1926 roadster spark lever on the column will not stay in place. Is there a way to tighten this or some other fix?
The simplistic way is to buy or make wood blocks that wedge the spark and throttle rods as you tighten the blocks together. These are placed on the exposed area in the engine compartment. The vendors sell them but you can make them they are very simple to make. Most likely the springs on the rods have lost their strength and need to be replaced.
https://www.modeltford.com/item/3524-25T.aspx Is the item number from one of the vendors
I used a boot lace wrapped around the rods. Been on the car for probable 5 years and has worked fine. I did refile the notches on the quadrant too.
It may be possible to add bend in the levers too, so they push down on the quadrant and get some friction. The original springs on the engine side of the firewall should give some pull to the levers - check so everything is in order, then there should be no need for add on helper springs or blocks.
really neat to see the fixes and original boxes
Western Spring Manufacturing in Hugo, MN. would make new springs from a sample sent to them! Very reasonable prices...I know Joe the owner likes to do custom springs
Jay you always have the neatest stuff, thanks for sharing.
The springs are available but it will require you to dismantle the steering column and if you're going that far you might as well order all the stuff you need to rebuild it. You most likely don't want to do it again.
Jay I was referring to having new springs made that are the aftermarket repair!
Hi Greg, I was referring to Roger's post about the springs pulling on the rods, as you know many of the columns that have been in the weather have very weak springs, but to your point I bet there would be a niche market for the ones Jay posted. I know I'd buy some.
Both levers on my 27TT didn't contact the quadrants very well, so I just got out my 10 inch parallel jaw left hand monkey wrench. I set the jaws just wide enough to go over the quadrants. Setting both levers up I slightly bent the bottoms of the quadrants up. Moving the levers full down I slightly bent the tops of the quadrants up. A couple small adjustments took care of the problem.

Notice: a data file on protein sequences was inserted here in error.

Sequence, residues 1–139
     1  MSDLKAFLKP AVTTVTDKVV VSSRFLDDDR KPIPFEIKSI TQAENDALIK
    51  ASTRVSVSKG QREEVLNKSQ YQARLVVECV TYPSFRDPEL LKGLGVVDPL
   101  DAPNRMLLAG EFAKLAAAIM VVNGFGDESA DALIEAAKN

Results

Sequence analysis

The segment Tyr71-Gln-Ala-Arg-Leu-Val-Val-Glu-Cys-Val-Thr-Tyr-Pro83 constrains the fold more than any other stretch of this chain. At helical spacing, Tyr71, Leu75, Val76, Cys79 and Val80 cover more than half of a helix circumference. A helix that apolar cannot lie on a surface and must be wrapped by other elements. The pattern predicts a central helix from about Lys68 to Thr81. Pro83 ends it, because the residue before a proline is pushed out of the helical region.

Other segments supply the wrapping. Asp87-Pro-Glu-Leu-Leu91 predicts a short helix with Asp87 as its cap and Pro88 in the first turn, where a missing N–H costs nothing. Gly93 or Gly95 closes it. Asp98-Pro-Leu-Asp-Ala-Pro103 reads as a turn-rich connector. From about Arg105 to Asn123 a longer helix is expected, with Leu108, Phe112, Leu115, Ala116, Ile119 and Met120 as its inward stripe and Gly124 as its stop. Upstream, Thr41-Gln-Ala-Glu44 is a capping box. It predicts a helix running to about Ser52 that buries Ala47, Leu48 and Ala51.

My quadrant plates are just thin metal, not cast, so there was no danger of breaking them off. An 8 inch Crescent wrench is just as good, giving good sensitivity so you don't get carried away.
In my case the monkey wrench was at hand after "adjusting" my wiper blade tension.
On a 26 you can take a crescent wrench and bend the quadrant slightly up and this will help. The usual causes are worn grooves on the quadrant which can be filed to be a bit deeper, and/or the spring at the bottom of the steering column outer cover where it is attached to the firewall. That spring is also harder to fix, because you will need to remove the lever at the bottom of the column and remove the steering wheel so you can pull the spark rod back toward the driver and replace the spring.
On a 26 you can take a crescent wrench and bend the quadrant slightly up and this will help. The usual causes are worn grooves on the quadrant which can be filed to be a bit deeper, and/or the spring at the bottom of the steering column outer cover where it is attached to the firewall. That spring is also harder to fix, because you will need to remove the lever at the bottom of the column and remove the steering wheel so you can pull the spark rod back toward the driver and replace the spring. So try working on the quadrant first.
The quadrant was practically smooth on my 27. After I lubed it to get rid of the scratch/squeak noise it made when opening the throttle, engine vibration would close the throttle while driving. The bottom side of the levers were worn flat so I ended up replacing the rods and the quadrant. Feeling the clicking as the levers moved over the quadrant was a new sensation for me and the nickel plated levers were sure pretty to look at.